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How can I get all lines that are: in both of two files (set intersection) or in only one of two files (set subtraction).

Use the comm(1) command:

# Bash
# Intersection of file1 and file2
# (i.e., only the lines that appear in both files)
comm -12 <(sort file1) <(sort file2)

# Subtraction of file1 from file2
# (i.e., only the lines unique to file2)
comm -13 <(sort file1) <(sort file2)

Read the comm man page for details. Those are process substitutions you see up there.

If for some reason you lack the core comm program, you can use these other methods. (Actually, you really should NOT use any of these. They were written by people who didn't know about comm yet. But people love slow, arcane alternatives!)

  1. An amazingly simple and fast implementation, that took just 20 seconds to match a 30k line file against a 400k line file for me.
      # intersection of file1 and file2
      grep -xF -f file1 file2
      # subtraction of file1 from file2
      grep -vxF -f file1 file2
    • It has grep read one of the sets as a pattern list from a file (-f), and interpret the patterns as plain strings not regexps (-F), matching only whole lines (-x).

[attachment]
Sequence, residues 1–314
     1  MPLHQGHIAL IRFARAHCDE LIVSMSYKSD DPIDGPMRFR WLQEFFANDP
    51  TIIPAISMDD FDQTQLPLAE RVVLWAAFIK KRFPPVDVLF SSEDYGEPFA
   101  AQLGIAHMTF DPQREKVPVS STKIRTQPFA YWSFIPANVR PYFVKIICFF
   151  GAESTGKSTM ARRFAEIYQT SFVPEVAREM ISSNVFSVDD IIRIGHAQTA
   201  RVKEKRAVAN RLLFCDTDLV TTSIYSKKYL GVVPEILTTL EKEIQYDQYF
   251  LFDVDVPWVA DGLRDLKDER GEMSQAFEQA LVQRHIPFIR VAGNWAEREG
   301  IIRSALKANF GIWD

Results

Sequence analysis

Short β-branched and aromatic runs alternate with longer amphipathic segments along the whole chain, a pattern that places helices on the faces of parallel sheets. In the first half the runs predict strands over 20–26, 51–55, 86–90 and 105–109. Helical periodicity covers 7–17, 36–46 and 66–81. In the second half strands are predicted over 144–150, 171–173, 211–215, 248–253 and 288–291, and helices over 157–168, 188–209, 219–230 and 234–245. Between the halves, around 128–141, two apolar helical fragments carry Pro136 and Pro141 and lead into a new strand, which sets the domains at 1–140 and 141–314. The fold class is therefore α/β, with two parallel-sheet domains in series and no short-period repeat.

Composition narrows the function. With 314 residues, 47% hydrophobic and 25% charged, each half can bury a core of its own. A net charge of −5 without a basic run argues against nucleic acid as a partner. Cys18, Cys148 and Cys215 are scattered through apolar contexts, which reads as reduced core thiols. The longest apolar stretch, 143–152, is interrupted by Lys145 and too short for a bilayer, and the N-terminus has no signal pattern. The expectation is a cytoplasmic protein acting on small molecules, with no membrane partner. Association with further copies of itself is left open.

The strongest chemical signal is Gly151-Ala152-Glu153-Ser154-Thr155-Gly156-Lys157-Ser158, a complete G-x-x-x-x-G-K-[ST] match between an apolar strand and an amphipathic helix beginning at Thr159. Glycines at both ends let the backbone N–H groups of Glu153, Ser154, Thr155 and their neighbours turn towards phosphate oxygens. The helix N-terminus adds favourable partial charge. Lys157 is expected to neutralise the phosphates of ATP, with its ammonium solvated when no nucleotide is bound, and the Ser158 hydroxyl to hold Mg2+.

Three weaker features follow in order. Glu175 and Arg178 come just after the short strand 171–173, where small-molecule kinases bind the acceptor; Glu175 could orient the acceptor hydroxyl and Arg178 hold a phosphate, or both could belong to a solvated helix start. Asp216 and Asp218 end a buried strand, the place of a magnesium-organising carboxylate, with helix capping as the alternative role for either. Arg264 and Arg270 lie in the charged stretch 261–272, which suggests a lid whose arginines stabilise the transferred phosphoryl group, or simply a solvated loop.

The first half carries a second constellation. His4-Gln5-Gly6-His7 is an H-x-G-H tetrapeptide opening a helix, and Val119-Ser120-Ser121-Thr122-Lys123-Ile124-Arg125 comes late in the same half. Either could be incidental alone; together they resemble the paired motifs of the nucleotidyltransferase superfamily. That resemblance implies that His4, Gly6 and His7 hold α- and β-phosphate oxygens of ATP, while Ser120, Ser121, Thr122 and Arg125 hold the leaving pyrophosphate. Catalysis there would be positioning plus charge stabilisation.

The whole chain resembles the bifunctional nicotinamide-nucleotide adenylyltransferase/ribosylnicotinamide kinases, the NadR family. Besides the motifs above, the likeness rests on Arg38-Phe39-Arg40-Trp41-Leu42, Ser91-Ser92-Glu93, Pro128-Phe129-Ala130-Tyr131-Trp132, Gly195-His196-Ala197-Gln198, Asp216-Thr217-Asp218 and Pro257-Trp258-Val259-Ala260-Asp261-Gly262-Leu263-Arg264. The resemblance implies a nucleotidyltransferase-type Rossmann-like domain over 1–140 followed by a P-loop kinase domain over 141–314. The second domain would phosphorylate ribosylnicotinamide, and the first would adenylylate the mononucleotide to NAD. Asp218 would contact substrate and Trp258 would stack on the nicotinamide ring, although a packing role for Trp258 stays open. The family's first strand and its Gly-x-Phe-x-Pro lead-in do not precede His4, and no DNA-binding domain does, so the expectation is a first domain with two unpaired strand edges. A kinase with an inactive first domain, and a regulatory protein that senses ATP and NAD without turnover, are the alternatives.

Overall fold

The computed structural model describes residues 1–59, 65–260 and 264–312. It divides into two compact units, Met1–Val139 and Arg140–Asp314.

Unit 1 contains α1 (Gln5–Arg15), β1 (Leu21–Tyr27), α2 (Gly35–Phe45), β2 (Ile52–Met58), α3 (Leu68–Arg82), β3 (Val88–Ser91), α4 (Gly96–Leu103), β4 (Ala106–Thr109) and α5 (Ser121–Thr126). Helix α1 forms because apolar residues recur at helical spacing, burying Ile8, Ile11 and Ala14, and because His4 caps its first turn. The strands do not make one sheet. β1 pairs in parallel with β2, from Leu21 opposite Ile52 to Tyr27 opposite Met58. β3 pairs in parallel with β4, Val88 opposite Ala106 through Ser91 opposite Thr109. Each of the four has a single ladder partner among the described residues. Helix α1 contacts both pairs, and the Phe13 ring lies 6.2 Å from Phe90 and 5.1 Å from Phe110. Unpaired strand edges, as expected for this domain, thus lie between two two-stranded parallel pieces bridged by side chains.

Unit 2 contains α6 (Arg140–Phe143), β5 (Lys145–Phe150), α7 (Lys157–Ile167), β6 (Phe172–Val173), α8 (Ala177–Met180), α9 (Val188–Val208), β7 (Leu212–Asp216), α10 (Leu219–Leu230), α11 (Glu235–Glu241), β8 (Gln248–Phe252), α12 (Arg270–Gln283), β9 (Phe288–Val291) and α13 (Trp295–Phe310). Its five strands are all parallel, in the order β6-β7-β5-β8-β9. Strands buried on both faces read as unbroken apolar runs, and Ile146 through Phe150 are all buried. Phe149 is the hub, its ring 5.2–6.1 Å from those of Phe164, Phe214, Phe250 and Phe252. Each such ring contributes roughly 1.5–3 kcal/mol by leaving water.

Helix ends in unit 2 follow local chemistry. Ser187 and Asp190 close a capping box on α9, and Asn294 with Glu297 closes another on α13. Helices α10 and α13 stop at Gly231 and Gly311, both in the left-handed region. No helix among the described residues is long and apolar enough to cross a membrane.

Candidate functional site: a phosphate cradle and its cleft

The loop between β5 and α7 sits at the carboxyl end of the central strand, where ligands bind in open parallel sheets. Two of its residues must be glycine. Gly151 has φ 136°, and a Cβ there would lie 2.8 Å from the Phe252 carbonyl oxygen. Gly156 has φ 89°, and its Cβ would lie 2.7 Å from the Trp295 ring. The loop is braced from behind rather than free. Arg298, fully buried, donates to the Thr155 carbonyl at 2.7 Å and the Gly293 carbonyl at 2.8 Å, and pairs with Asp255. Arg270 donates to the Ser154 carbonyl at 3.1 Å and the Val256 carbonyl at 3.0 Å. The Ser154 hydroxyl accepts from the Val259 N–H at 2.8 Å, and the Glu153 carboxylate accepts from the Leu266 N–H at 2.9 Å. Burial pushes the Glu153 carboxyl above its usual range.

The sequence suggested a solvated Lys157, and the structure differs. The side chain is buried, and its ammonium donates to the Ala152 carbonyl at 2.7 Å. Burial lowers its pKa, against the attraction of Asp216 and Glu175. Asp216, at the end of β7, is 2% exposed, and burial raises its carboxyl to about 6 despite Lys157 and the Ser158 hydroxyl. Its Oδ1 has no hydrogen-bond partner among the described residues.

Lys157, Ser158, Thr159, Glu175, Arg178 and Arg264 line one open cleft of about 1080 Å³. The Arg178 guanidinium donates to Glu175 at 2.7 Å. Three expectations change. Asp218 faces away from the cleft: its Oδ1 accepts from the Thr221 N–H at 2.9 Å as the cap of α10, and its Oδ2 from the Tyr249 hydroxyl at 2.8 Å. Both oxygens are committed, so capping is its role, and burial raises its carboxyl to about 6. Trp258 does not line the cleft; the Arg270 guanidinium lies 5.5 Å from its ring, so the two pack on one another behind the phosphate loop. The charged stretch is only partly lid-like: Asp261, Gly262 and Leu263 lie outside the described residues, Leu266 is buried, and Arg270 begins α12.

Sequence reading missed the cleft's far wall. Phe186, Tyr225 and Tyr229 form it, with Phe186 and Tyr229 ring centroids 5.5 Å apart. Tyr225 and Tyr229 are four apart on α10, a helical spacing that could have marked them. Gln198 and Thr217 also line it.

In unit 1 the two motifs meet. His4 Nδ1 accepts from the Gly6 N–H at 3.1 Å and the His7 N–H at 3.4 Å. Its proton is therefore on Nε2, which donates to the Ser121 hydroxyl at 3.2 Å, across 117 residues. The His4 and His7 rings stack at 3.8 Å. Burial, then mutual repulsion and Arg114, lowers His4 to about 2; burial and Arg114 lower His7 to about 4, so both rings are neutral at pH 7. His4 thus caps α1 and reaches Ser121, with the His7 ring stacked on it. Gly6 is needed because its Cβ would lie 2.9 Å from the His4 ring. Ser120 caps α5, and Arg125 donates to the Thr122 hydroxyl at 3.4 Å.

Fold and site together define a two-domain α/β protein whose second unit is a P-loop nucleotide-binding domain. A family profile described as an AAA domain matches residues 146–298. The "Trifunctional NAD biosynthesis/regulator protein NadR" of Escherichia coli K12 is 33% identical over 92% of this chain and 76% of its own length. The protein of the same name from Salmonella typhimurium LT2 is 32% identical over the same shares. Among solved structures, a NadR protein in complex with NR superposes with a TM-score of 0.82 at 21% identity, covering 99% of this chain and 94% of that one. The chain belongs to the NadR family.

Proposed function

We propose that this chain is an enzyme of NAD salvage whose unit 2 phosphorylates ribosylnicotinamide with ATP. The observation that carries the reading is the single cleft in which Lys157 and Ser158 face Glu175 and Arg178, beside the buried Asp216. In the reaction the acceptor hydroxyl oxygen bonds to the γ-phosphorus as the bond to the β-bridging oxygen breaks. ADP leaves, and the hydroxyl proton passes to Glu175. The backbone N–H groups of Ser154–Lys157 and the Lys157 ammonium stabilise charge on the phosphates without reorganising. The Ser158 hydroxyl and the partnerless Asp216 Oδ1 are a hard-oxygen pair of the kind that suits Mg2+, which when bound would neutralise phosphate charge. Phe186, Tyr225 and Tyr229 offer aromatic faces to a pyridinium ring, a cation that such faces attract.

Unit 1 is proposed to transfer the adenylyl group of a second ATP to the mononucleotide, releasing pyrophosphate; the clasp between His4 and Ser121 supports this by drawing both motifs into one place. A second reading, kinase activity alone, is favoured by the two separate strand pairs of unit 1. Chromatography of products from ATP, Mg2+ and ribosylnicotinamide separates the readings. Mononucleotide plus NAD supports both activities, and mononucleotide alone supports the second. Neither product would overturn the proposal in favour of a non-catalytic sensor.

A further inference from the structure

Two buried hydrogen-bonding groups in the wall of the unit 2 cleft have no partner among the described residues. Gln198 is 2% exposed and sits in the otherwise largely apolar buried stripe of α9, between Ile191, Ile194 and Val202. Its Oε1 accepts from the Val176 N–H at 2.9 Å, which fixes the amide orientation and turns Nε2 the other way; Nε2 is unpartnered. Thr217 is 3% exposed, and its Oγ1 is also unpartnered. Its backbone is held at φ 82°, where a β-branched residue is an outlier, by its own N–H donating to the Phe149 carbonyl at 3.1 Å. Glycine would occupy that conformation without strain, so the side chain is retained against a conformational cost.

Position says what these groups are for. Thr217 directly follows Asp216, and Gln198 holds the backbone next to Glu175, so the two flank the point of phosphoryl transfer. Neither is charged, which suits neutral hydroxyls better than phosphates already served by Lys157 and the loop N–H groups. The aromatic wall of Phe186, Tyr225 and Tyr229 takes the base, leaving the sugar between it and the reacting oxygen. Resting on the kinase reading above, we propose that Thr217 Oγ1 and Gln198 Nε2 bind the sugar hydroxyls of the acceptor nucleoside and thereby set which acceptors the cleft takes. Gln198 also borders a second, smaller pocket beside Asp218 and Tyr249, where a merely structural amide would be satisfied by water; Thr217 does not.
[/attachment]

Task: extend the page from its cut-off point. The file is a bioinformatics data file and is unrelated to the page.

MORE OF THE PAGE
• Note that the file specified with -f will be loaded into memory, so it doesn't scale for very large files.
    • It should work with any POSIX grep; on older systems you may need to use fgrep rather than grep -F.

  2. An implementation using sort and uniq:
      # intersection of file1 and file2
      sort file1 file2 | uniq -d  (Assuming each of file1 or file2 does not have repeated content)
      # file1-file2 (Subtraction)
      sort file1 file2 file2 | uniq -u
      # same way for file2 - file1, change last file2 to file1
      sort file1 file2 file1 | uniq -u
  3. Another implementation of subtraction:
      sort file1 file1 file2 | uniq -c |
      awk '{ if ($1 == 2) { $1 = ""; print; } }'
    • This may introduce an extra space at the start of the line; if that's a problem, just strip it away.
    • Also, this approach assumes that neither file1 nor file2 has any duplicates in it.
    • Finally, it sorts the output for you. If that's a problem, then you'll have to abandon this approach altogether. Perhaps you could use awk's associative arrays (or perl's hashes or tcl's arrays) instead.
  4. These are subtraction and intersection with awk, regardless of whether the input files are sorted or contain duplicates:
      # prints lines only in file1 but not in file2. Reverse the arguments to get the other way round
      awk 'NR==FNR{a[$0];next} !($0 in a)' file2 file1
      # prints lines that are in both files; order of arguments is not important
      awk 'NR==FNR{a[$0];next} $0 in a' file1 file2

    For an explanation of how these work, see http://awk.freeshell.org/ComparingTwoFiles.

See also: http://www.pixelbeat.org/cmdline.html#sets


2012-07-01 04:05